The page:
Skip to main content

Food in the Spanish Mediterranean

The Spanish Mediterranean is one of the best examples of the Mediterranean diet.

Food in the Spanish Mediterranean region is rich in fresh vegetables, beans, almonds nad healthy olive oil, with plenty of fish dishes.


Catalan food is the product of the wonderful Spanish fresh produce, local traditions and French, Italian, Arab, Roman influences with hints of the first Greek settlers. Traditional cooking includes stewed vegetables, rice, pasta, beans, fish stews, chicken casseroles, grilled meat or fish served with alioli, a dressing made with garlic and olive oil, and very creative salt cod based dishes. The place where spinach are sautéed with raisins and pine nuts, is where the innovation is happening, because this is the land of the experimental chefs, and where Mediterranean cooking becomes ultra modern.

Traditional Specialties include: Samfaina (a kind of ratatouille); escalibada (grilled eggplant, zucchini and other vegetables); rice casseroles; rossejat de fideus (toasted pasta casserole); butifarra con monchetas (beans and sausage); duck with pears; rabbit with alioli; mar i muntanya (chicken and shellfish); suquet (fish or seafood in tomato-based sauce); romesco sauce (red pepper sauce with nuts); cannelloni; cocas (topped flatbreads, similar to pizza); crema catalana (similar to crème brûlée)

El Levante

Rice is at the core of the most characteristic dishes at the Levante region, but paella, the best known of all, is just one just one of its many delicious rice dishes. Seafood, almonds, artichokes, tomatoes, and peppers are local produce, therefore turning up in many local specialties. Since Romans started salt curing fish, mojama (salted tuna) and salted anchovies have had a place in the menus. The region is also the source of turrón (a nougat made from honey, almonds and egg whites), incredible ice-cream in an incredible wide selection of flavors, sorbets and semi-frozen refreshers, including horchata, a made from tiny tubers called chufas.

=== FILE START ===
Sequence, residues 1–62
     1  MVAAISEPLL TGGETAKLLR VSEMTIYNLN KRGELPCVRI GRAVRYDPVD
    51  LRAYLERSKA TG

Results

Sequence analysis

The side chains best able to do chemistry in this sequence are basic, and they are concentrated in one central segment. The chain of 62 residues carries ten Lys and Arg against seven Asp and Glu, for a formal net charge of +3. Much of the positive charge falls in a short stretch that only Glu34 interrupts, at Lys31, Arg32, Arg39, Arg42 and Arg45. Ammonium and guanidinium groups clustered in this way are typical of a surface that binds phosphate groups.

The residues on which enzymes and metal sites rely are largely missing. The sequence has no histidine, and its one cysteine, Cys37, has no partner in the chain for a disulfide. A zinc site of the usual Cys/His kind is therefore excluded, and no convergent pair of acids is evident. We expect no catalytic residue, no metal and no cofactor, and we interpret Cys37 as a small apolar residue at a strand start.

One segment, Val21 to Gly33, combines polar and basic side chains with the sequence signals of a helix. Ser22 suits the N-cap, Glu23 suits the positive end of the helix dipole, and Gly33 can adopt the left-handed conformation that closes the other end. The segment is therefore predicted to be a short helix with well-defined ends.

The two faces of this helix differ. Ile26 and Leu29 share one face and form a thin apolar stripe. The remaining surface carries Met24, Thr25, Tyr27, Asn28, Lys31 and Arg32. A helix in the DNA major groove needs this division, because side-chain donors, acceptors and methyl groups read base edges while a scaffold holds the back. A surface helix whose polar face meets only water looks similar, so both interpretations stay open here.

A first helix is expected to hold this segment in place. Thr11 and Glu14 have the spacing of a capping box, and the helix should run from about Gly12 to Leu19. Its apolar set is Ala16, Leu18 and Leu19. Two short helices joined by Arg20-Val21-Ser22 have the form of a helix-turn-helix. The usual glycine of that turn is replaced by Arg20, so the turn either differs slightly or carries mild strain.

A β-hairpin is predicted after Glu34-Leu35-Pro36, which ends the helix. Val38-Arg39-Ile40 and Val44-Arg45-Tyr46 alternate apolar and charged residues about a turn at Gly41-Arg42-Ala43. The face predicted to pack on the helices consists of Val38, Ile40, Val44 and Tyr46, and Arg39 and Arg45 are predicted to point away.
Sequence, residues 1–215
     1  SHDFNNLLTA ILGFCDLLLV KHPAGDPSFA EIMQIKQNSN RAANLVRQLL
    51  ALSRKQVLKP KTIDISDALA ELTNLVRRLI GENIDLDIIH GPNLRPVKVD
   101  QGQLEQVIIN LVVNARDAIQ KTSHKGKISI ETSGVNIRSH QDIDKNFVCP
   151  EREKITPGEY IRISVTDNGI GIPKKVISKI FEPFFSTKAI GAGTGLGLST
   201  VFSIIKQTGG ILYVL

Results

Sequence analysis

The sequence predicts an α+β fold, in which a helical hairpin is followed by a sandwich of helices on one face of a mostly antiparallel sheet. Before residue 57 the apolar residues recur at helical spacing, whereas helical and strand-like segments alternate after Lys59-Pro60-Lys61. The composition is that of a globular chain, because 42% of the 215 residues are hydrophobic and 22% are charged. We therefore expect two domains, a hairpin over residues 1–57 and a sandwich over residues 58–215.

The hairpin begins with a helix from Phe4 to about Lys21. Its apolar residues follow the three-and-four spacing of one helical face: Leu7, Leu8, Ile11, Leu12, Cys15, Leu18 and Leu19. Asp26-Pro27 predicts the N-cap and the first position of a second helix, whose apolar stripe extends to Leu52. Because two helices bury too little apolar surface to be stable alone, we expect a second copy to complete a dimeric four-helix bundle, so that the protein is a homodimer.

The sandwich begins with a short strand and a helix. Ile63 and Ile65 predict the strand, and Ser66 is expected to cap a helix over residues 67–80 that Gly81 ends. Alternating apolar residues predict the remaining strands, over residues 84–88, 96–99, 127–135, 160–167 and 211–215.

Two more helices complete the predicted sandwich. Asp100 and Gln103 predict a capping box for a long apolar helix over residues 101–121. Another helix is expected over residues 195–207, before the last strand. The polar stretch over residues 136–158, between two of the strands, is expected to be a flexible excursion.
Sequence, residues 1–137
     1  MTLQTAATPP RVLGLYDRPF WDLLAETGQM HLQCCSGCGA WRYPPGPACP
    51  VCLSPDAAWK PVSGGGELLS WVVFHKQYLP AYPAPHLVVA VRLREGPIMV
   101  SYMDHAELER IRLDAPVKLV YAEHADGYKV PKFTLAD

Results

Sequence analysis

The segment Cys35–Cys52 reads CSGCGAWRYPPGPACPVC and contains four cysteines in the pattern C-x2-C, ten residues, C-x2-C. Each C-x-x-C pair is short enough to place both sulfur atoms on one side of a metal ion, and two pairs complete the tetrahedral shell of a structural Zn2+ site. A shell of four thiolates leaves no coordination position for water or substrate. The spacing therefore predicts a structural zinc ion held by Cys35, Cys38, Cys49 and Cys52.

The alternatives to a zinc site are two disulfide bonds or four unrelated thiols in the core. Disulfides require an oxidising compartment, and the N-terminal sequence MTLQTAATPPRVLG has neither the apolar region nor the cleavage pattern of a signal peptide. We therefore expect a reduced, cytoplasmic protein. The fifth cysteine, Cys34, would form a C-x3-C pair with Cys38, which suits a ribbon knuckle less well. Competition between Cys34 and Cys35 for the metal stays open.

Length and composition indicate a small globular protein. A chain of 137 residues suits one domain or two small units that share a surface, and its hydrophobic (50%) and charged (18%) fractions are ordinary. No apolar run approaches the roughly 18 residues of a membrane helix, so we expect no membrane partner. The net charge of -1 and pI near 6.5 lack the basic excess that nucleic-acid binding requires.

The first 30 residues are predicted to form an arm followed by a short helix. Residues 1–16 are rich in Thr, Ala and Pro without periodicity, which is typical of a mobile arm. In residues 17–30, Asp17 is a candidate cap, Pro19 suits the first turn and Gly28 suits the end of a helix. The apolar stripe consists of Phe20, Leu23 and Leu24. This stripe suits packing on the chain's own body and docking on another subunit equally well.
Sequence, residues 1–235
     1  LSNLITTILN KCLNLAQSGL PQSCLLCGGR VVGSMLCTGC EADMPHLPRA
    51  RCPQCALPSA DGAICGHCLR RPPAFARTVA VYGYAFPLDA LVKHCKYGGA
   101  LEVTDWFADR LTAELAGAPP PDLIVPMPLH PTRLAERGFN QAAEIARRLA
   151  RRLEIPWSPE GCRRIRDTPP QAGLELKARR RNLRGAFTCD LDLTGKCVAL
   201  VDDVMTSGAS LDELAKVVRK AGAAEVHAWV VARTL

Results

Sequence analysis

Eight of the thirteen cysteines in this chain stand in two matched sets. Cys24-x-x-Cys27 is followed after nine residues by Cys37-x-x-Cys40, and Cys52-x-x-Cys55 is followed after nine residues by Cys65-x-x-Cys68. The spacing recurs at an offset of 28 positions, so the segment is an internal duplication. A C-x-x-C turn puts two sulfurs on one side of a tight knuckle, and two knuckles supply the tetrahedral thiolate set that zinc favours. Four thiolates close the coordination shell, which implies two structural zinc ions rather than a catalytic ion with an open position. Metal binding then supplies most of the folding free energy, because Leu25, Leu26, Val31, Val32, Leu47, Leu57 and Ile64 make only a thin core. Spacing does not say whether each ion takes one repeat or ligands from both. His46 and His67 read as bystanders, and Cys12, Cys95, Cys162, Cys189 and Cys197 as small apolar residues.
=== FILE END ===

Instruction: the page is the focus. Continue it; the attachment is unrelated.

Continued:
Traditional specialties include paella; arroz a banda (literally rice to the side, a fish or seafood flavored rice served in two courses); arroz negro (black rice, seasoned with octopus or squid ink); fideuá (pasta paella); all-i-pebre de anguilas (eel in garlic sauce); caldero murciano  (rice and seafood casserole from Murcia); ensalada murciana (a salad made with preserved tomatoes); torta de chicharrones (a sweet cake with salty bacon bits); pork shows as incredible black pudding and longanizas (plain white or paprika red sausages, often dried); their own breed of cocas (flatbread with toppings), empanadas and empanadillas (thick pies filled with onions, peppers, tuna or ham and tomato sauce)

Nothern coast
Basque country, Asturias and Cantabria, Galicia.

North east interior
Aragon, La Rioja and Navarra.

Central plains
Castile-Leon, La Mancha, Extremadura

The south

The Islands
Baleares, Canarias